WordPress is the gateway CMS for pretty much every designer. It’s pretty much how I am learning PHP. Web designers – mostly freelancers – need some sort of platform to build their websites on and allow their clients to manage them and WordPress has offer the best, designer oriented CMS on the planet. WordPress has allowed a simple way in which they can build a website quickly without having to hunt down some Rails or PHP developer to do it for them.

Expression Engine is the bigger, beefier version of WordPress (at least in my mind) and is a CMS that is built with the designer in mind. EE allows the design full CMS capabilities while still keeping the the back end coding relatively simple.

The Workplace

The answer to the question of “Should designers code?” may also be answered by where the designer works, who the designer works for, what web product is being designed and even the audience of the project. Sometimes workplace culture and protocol will dictate whether a designer is required to code or not. I have worked for companies that only wanted to see Photoshop open on a designers desktop and others that wanted the designer to design the page and code the entire front end from HTML to Javascript.

If you work for a large corporation where the design team and the development team are separated by a wall or even buildings, you may never be required to code a single line. Large companies are generally organized and built upon systems to maximize efficiency and most of the time this type of organization requires a hard separation between the design and development teams. Small companies on the other hand generally don’t have the ability to hire designers who only design and developers who only write code, so they would rather find that perfect person who can design fantastic sites as well as build them.

A new trend emerging in large and small companies all over is a sort of a third, hybrid team of designer/developers. With web applications becoming more popular, the need to have developers who understand design principles or designers who can code, is quickly becoming important. Companies are starting to realize the importance of having people who can bring a static design to life. More and more workplaces are staring to create “front end development” departments to fill this need.

The Design Mindset

There is a very distinct difference between designer and developer, but lines are starting to be crossed more and more. Many fights and arguments have been fought based upon this difference. For many years designers created these elaborate designs, then handed the psd files off to the developer where they promptly destroyed them, and for many years designers have been designing sites that were completely impossible to code.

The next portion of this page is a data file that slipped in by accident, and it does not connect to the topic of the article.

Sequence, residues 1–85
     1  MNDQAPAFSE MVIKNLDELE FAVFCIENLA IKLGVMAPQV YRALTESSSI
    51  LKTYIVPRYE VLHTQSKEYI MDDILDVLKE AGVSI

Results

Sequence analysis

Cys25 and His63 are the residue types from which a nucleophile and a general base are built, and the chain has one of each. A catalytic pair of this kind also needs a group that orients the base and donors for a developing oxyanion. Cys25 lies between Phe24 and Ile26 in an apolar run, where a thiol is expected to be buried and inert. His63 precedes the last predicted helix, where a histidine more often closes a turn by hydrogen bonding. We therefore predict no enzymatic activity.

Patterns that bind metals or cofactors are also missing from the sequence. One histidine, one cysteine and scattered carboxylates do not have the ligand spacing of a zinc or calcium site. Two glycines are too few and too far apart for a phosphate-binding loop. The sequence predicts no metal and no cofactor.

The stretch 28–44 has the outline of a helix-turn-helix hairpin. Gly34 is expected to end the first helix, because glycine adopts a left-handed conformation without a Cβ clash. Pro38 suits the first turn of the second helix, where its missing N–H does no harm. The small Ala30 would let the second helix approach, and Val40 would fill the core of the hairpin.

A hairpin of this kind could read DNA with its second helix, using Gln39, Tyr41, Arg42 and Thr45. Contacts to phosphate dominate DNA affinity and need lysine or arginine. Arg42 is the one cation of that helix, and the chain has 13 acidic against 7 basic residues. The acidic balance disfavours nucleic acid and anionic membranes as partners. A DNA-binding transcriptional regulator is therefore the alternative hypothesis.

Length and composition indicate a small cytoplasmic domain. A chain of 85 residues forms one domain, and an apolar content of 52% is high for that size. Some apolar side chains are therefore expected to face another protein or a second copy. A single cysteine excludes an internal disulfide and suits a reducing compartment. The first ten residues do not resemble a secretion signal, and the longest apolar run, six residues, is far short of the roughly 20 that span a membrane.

Designers have a very particular mindset, they care about things like fonts, pixels, drop shadows, lines, composition - you know, all those things that the developer could give a rats ass about. How many times have you the designer argued with a developer or project manager about button placement or a slight difference in a color? And they just look at you like you are some spoiled little kid who is just trying to make their job harder. It happens everyday, in fact, its probably happening somewhere right now.

But for designers, learning how to code can be a huge time saver and “designer” saver. When a designer takes control of the coding, even just the front end HTML/CSS/JS, they not only protect their designs from the evil fingers of the developer (read that very sarcastically please) but they also make themselves a thousand times more valuable.

I guess my take on the debate can be summed up like this: Should designers code? Yes they should. The fine line of designer and developer is becoming more and more blurred and if a web designer isn’t building their programming portfolio, I’m pretty sure they will find them self designing business cards for their Aunt’s mobile pet grooming business… not that there’s anything wrong with that.

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Patrick is a UX Designer at Instructure (Canvas LMS) by day, freelancer and UX consultant by night. He also enjoys family, snowboarding, sports, bacon and is jealous of your beard.

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Website: http://patrick-cox.com

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  1. 1

    Great Blog, I am myself both a designer and a developer. The trouble this has is I do end up designing a website not to my full potential. This is because I know it will be harder to develop. On the other hand our design only web designers will produce fantastic designs knowing that once they have passed it to the developer they can sit back and get on with a new design while the developer struggles.